Health officials are pointing to poor social determinants of health in minority communities, such as stable housing, living wage jobs, excellent education, safe neighborhood nourishing food, as to why communities of color are experiencing higher rates of infection. 

“Undoubtedly, there are issues within the healthcare system that need to be addressed including inequitable access and unconscious bias of some providers,” said Dr. John Raymond, president of the Medical College of Wisconsin. “But I think the problem is more of a reflection of the many contributors of health, especially the social determinants of health. At the end of the day, those are as important or maybe even more so than the quality of healthcare.”

The county’s census tract, COVID-19 dashboard indicates that the highest case numbers are in areas where the majority population is people of color. 

Racine’s nonwhite population accounts for 35.8 percent of the city’s population, over double that of the county’s 16.6 percent nonwhite population.

“The fact that people of color are disproportionately impacted, we are very much aware of and very much want to change,” said Schaaf. “We’re talking a lot about that and try to strategize ways to do that.” 

He noted that after a spike in May, the June daily case numbers have started to go down. 

“It’s looking better, but by no means are we out of the woods,” he said. “This is something that will be impacting our county for some time to come.”

The county is third in the state for number of cumulative confirmed cases at 1,989, behind Milwaukee (9,511) and Brown (2,469) counties, and second in the state for the number of deaths, behind Milwaukee County. See above.

Both the Racine City Public Health Department and the Central Racine County Health Department are communicating to its residents to practice social distancing, wear face masks in public and wash hands.

The City of Racine issued a public health order immediately after the state Supreme Court decision to stop Gov. Tony Evers’ Safer at Home extension. Starting May 26, Racine started “Forward Racine” that allowed businesses to open with restrictions such as capacity. According to the order, June 30 is when businesses can open further, but large gatherings for example, won’t be able to happen until after July 31.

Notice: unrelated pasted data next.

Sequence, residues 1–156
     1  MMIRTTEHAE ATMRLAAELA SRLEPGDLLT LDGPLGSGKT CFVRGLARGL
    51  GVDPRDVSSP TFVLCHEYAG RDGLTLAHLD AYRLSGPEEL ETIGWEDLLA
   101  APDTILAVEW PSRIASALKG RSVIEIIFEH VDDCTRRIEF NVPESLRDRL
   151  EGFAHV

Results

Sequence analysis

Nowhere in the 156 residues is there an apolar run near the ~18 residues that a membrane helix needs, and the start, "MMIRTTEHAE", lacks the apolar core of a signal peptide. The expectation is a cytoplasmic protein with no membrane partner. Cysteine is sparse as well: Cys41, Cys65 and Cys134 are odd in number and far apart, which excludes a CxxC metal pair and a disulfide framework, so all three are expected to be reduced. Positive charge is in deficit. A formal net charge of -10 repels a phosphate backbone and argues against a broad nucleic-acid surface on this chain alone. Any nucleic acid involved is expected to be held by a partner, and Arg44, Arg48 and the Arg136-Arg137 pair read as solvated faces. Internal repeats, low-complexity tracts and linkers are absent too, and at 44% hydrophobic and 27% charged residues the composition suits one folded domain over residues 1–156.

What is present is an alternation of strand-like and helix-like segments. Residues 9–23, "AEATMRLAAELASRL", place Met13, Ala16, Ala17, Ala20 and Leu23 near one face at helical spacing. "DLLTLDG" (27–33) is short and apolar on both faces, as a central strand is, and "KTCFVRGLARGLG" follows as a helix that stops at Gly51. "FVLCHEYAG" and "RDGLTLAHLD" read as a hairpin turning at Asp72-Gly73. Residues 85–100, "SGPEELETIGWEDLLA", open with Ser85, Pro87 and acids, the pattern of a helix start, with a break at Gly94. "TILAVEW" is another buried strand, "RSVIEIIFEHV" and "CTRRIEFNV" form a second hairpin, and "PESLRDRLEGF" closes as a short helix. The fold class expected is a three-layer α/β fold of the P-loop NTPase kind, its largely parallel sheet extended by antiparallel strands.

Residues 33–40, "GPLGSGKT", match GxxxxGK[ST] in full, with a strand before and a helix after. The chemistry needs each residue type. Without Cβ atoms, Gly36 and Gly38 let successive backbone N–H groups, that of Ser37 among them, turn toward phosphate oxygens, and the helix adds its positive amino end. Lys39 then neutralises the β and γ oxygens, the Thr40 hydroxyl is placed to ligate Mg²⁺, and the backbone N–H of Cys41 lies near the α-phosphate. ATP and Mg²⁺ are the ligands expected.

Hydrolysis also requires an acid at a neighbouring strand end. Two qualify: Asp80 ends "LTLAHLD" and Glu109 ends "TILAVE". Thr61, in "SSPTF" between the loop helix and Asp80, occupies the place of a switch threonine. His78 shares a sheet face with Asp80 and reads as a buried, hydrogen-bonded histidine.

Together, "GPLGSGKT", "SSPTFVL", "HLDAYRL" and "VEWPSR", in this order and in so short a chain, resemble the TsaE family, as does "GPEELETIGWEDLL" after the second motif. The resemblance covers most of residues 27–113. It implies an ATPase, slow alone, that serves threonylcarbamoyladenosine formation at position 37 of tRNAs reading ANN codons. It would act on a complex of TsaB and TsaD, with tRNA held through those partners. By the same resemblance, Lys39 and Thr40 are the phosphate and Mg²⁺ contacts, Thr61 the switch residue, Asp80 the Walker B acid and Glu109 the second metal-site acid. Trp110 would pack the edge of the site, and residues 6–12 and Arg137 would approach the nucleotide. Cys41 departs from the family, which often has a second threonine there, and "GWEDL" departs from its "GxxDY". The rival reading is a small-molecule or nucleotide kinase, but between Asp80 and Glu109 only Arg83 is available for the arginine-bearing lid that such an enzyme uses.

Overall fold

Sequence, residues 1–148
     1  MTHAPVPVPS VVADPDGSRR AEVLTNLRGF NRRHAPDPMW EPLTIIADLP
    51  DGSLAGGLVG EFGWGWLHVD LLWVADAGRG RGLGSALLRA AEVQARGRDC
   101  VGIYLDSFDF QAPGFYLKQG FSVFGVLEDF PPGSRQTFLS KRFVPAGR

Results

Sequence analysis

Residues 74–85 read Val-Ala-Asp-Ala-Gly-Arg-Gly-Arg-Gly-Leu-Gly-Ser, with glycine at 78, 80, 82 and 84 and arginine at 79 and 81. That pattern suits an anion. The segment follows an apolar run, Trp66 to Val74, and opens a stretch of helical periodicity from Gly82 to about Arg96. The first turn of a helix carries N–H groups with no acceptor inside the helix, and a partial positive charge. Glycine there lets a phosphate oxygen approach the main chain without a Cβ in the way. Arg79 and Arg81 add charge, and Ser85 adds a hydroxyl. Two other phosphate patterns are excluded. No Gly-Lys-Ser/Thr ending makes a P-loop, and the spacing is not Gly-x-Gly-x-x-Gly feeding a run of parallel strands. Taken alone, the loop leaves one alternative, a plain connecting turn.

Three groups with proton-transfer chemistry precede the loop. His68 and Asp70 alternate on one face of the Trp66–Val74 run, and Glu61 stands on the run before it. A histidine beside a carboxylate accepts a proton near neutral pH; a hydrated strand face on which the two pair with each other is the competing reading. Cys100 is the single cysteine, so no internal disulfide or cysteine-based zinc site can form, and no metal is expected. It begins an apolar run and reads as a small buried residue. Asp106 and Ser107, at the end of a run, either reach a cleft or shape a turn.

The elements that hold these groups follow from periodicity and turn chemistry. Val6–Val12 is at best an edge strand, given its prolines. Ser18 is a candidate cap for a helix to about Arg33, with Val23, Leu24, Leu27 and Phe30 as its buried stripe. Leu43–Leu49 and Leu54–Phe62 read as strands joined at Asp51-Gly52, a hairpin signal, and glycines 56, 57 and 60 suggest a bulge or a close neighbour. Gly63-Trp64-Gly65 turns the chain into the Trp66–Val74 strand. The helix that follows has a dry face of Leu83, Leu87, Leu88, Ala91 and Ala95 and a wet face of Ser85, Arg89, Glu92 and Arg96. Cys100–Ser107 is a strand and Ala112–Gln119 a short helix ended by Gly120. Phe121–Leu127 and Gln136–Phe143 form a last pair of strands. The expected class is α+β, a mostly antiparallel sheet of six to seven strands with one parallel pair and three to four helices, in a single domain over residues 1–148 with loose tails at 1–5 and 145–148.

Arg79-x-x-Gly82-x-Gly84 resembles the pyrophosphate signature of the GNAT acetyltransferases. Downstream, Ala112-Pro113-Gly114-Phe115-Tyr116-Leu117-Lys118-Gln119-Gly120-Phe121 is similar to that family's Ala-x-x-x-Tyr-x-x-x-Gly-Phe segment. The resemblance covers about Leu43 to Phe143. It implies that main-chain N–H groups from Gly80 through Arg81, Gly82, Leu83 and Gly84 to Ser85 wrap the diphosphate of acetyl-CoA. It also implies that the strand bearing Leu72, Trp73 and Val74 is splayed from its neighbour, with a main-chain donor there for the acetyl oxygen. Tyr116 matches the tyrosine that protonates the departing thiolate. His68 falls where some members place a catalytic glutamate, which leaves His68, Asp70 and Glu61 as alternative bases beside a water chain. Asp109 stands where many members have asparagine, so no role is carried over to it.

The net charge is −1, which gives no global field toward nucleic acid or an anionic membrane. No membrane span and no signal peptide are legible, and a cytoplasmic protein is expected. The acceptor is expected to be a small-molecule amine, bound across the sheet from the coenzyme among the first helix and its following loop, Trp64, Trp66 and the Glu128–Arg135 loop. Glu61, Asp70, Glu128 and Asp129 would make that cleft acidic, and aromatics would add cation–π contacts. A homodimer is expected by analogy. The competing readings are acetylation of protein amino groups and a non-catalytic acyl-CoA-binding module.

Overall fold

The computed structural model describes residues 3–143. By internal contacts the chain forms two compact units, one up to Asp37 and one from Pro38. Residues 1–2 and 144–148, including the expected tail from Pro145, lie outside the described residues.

See the order here:

— COVID-19 hospital patients statewide are on the decline, now numbering 291. This weekend’s patient numbers — Friday at 287 and Saturday at 285  — are the lowest since April 4. 

About 71 percent of those patients — 207 — are in southeastern Wisconsin, which is also seeing a decline.

According to data from the Wisconsin Hospital Association, the state’s COVID-19 ICU patients are at 101 and COVID-19 inpatients with pending tests number 181, both less than the week before. 

Of the state’s confirmed cases, 13 percent have been hospitalized and 3 percent have received intensive care, according to DHS.

The department also reports that 32 or fewer patients are in each of the six other public health regions of the state.

WHA data show that statewide, Wisconsin seems to have a stable and adequate supply of beds and ventilators. Hospitals have a total of 1,270 ventilators and 310 ventilated patients.

ICU beds immediately available in the state number 363 out of 1,485 total in Wisconsin; intermediate care beds — 158 out of 841; surgical beds — 1,471 out of 7,251; and isolation beds — beds in negative pressure rooms meant for isolating patients — 1,050 out of 1,929.

But according to data from DHS, southeastern Wisconsin has only 21 percent of its beds available.

— Hospitals continue to lack personal protective equipment for health care workers.

The WHA data show that 29 hospitals have a seven-day or less supply of face shields, 42 have a limited supply of goggles, 32 have limited N95 masks, 34 have a limited supply of gowns and 29 hospitals have limited paper medical masks.

Health care workers account for about 10 percent of confirmed COVID-19 cases — 2,209.